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The Chadian basin has always been a crossroad of civilizations, the earliest Chadian civilization was the legendary Sao, known for oral histories and artifacts. They were conquered by the Kanem Empire, the longest-lasting of the empires that developed in Chad's Sahelian portion. The power of the Chadian kingdoms was based off of the control over trans-Saharan trade routes that passed through the nations. These states were mostly Muslim, and never expanded their control to the grasslands below besides to raid for slaves.
French colonial expansion in Africa led to the creation of the Territoire Militaire des Pays et Protectorats du Tchad in 1900. By 1920, France had full control over Chad and incorporated it into French Equatorial Africa. Their rule was characterized by an absence of policies to unify the territory and slow modernization. The French viewed the colony as fairly unimportant; only used for untrained labor and raw cotton. After World War II, the French granted Chad the status of an overseas territory and its inhabitants the right to elect representatives to the French National Assembly and to the Chadian assembly. Chad was granted independence on 11 August 1960.
François Tombalbaye was elected as the nation's first president. He banned all opposing parties and established a one-party system. In 1965, Muslim rebels started a civil war in the nation. Tomalbaye was overthrown and murdered in 1975, but the insurgency continued. In 1979, the rebel factions captured the capital. Armed factions, many from the north's rebellion, contended for power. Libya tried to fill the power vacuum and became involved in the war; however their adventures ended in a failure. In 1987, French-supported president Hissène Habré was elected, creating unity among Chadians and forcing Libya off of Chadian soil. However, a Marxist coup occurred in 1994, and Chadian communist leader Fidèle Moungar became dictator.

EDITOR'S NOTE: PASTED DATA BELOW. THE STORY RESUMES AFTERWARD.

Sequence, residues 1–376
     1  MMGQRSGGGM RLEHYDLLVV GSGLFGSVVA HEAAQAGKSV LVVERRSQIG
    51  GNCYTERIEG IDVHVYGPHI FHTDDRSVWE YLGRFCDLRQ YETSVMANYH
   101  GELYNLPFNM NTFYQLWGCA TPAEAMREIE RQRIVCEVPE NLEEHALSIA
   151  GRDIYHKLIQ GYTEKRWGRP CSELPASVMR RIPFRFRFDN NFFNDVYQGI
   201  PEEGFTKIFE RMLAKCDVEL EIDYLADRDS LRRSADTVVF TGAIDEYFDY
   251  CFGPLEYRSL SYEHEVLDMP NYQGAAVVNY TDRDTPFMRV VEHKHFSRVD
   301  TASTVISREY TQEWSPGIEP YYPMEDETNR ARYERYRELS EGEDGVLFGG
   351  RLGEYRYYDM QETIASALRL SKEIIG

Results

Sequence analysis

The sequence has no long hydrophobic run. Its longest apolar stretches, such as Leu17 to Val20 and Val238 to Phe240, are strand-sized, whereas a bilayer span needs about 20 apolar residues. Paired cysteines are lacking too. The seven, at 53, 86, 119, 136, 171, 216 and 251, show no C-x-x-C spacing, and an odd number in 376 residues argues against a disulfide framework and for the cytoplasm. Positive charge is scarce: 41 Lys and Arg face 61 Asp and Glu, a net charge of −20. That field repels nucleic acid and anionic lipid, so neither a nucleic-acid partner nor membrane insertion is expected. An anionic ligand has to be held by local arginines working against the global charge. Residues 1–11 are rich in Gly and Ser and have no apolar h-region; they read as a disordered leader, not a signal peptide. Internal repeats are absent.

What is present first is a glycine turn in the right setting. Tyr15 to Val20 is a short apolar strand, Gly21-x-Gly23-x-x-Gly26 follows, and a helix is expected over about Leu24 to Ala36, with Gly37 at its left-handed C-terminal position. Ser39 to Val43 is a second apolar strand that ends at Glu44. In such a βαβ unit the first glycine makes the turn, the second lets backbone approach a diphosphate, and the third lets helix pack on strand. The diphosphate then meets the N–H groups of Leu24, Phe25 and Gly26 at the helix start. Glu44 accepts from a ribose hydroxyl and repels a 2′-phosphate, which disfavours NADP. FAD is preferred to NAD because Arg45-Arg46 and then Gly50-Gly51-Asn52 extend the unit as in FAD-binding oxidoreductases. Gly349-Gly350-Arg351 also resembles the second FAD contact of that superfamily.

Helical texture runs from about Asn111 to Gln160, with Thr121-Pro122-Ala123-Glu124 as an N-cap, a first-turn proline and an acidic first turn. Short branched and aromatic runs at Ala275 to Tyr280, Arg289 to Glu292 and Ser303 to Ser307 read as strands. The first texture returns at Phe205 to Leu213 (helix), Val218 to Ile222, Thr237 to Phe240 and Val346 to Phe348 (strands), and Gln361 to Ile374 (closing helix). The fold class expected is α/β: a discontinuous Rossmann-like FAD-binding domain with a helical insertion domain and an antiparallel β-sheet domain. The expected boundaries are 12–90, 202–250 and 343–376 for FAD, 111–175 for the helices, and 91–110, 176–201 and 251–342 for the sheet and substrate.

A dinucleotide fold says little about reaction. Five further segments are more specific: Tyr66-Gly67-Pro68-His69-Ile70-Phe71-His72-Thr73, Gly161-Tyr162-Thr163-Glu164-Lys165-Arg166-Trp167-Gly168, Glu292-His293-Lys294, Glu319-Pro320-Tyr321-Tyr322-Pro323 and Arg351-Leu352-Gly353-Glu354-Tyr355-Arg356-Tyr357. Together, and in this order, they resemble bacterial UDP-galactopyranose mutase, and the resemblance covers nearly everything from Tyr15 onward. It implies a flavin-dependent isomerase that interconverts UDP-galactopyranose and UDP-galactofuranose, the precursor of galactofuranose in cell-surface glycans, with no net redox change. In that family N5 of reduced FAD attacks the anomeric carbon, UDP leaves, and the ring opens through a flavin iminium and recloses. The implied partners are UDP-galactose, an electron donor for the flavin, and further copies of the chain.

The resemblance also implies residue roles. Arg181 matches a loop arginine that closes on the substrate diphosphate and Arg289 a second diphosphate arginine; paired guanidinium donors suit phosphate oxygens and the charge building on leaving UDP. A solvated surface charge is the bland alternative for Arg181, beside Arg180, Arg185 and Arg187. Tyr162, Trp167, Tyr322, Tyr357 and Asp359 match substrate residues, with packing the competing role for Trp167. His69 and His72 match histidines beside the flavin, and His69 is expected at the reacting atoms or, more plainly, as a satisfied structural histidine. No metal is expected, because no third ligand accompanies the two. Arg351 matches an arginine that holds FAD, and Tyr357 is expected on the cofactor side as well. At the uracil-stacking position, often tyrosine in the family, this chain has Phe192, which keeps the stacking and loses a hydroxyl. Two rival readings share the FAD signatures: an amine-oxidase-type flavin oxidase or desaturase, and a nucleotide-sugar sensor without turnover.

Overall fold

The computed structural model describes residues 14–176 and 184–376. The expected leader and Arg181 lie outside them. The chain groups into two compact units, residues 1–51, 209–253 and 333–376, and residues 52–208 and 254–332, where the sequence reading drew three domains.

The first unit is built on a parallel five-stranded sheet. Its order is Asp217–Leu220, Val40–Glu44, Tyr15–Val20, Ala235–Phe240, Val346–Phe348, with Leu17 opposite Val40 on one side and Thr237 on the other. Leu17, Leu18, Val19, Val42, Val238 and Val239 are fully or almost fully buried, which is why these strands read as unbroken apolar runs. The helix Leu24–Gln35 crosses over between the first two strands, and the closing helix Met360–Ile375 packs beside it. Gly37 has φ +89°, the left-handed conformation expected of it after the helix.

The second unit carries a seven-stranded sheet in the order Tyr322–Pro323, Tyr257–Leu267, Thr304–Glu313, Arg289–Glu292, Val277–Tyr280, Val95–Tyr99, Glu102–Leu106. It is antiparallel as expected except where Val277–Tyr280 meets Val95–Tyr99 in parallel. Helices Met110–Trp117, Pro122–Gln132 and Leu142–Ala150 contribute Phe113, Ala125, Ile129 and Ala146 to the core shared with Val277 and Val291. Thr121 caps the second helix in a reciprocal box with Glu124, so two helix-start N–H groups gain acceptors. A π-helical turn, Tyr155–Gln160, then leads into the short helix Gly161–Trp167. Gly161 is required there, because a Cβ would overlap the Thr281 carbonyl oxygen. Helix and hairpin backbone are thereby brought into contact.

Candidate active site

Unlike its past, Chad hasn't been in much turmoil with their new Marxist support. Neighbors Libya and Sudan have been helping keep the nation in check and have been combatting any insurgents which appear in the nation. Chad has a growing economy with a booming oil industry; the nation seems like it is finally escaping poverty.
Chad is a dictatorship with phony "elections" the only candidates for these is long-time dictator Fidèle Moungar. Political infighting isn't much common due to Libya and Sudan's good militaristic ties with the nation; eliminating any opposition parties which may spring up in the north and east. However, the regions near Niger and Cameroon have been relatively unstable in terms of unrest, and minor insurgencies have started there; however Soviet airstrikes are helping hold them back.